During an Extraordinary Board of Directors held on 25 July, Naval Energies has decided to stop investing in the field of tidal turbines. Naval Energies will henceforth concentrate its efforts on floating wind turbines and Marine Thermal Energy Conversion.
Naval Energies, one of the big names in marine renewable energies (MRE), is the only industry player to have developed three product lines: tidal turbines, with its Irish subsidiary OpenHydro, floating wind turbines, and ocean thermal energy conversion.
Naval Energies has developed the technology of tidal-turbine energy to the industrial launch stage. On 24 July, the company deployed a new tidal turbine in Canada and connected it to the power grid. For the second time in two years, a 2 MW turbine was installed in the Bay of Fundy.
Closing of the market
Nevertheless, the fact remains that the market for tidal-turbine energy is closing. The French Environment and Energy Management Agency (ADEME), as part of a public debate on the Multi-annual Energy Plan for France, only foresees 100 to 150 MW to be installed between now and 2028, i.e. 50 turbines of 2 MW each over ten years. The United-Kingdom, for its part, also decided two years ago not to launch specific tenders, and tidal has now to compete with fixed bottom offshore wind, which is impossible due to different level of technological maturity. In Canada, there is also great sensitivity to the cost of the technology.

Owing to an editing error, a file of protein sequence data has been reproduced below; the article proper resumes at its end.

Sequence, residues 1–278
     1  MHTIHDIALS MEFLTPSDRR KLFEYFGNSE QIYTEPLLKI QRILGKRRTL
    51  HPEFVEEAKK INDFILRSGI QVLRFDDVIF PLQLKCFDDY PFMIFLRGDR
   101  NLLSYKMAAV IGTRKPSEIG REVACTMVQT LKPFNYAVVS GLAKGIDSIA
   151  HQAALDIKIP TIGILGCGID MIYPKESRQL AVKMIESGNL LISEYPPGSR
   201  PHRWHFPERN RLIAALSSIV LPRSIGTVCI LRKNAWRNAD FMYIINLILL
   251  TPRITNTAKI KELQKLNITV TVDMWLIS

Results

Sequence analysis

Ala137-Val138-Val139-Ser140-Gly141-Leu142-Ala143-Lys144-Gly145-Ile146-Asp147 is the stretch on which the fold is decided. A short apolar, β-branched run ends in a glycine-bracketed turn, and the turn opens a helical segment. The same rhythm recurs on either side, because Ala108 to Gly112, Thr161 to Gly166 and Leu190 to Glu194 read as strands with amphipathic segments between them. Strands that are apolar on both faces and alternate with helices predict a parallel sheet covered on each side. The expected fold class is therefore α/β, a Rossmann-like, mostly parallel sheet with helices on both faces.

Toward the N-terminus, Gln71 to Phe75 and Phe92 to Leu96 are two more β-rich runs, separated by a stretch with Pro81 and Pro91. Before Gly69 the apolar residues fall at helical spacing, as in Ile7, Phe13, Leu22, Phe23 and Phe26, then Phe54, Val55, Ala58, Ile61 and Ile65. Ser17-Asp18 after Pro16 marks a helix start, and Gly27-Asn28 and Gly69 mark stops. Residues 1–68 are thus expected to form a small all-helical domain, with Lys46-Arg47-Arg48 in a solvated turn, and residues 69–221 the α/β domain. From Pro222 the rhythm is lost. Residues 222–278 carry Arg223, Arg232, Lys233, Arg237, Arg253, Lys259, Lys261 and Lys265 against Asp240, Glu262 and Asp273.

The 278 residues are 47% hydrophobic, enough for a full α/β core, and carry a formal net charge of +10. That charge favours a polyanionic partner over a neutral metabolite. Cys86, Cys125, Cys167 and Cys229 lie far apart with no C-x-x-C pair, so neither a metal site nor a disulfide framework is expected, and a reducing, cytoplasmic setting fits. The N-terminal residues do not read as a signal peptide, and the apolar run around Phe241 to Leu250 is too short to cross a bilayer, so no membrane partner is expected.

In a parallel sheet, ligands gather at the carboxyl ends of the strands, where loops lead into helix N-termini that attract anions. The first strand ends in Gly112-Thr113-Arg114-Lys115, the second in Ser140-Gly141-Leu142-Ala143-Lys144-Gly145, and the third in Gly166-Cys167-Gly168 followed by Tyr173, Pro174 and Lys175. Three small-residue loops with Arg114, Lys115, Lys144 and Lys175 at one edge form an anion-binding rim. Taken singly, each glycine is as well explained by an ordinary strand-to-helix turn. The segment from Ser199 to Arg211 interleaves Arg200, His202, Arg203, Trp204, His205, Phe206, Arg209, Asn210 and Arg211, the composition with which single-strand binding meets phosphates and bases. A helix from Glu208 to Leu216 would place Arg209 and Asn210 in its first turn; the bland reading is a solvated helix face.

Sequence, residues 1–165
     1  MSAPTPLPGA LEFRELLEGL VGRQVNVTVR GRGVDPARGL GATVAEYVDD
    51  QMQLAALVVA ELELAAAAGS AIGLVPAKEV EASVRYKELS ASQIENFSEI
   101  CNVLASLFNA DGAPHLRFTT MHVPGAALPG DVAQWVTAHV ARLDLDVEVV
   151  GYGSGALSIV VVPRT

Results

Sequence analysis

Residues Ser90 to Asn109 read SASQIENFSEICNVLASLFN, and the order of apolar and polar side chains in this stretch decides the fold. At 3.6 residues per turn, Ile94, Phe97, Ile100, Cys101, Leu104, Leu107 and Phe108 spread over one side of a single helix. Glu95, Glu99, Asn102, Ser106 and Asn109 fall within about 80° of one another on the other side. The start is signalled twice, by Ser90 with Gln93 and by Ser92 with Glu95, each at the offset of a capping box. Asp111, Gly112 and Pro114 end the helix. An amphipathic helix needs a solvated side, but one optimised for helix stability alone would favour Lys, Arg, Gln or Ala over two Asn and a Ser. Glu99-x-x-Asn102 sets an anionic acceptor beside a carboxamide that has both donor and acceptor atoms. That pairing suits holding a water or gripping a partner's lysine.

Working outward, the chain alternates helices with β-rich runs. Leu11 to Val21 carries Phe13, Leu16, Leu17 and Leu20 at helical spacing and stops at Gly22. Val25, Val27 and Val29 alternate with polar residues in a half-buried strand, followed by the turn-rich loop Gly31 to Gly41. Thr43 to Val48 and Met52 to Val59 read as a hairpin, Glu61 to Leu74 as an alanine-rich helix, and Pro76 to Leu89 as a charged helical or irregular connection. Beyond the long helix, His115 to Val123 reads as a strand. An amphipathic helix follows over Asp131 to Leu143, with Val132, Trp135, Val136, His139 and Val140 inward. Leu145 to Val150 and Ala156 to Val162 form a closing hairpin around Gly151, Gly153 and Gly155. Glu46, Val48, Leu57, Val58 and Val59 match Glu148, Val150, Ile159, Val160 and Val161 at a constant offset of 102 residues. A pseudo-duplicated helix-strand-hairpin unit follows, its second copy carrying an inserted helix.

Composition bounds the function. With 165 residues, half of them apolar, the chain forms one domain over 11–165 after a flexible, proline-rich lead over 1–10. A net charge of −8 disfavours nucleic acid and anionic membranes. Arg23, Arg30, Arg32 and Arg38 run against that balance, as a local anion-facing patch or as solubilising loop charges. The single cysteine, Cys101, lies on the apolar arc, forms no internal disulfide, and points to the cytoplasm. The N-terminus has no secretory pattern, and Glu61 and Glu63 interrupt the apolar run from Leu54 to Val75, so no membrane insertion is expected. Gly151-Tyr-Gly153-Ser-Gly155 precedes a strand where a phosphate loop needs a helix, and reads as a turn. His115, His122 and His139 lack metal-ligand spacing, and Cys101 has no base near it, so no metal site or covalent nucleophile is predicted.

This gap between the technology and the demand on the market, and the lack of commercial prospects over the long term, are forcing Naval Energies to bring its developments in tidal energy to an end. Following in-depth discussions with public and private stakeholders as well as with the French Environment and Energy Management Agency (the ADEME), Naval Energies decided to stop its investment in tidal energy.
Laurent Schneider-Maunoury, CEO of Naval Energies declared: “It is with regret, but also responsibility, that we are taking the decision to stop developing tidal-turbine energy. The deterioration of the market, in France and around the world throughout the recent months, has been reflected in a lack of commercial prospects over the long term. This evolution means that we alone can no longer finance the development of the tidal-turbine activity. In the current context, maintaining our investments would have led to consume the company’s resources and thus, ultimately, to weaken Naval Energies as a global actor in the Ocean Energy sector, as we still have two product lines. In the future, Naval Energies will focus its development on Floating Offshore Wind (FOW) and Ocean Thermal Energy Conversion (OTEC), which are receiving support from the public authorities.”
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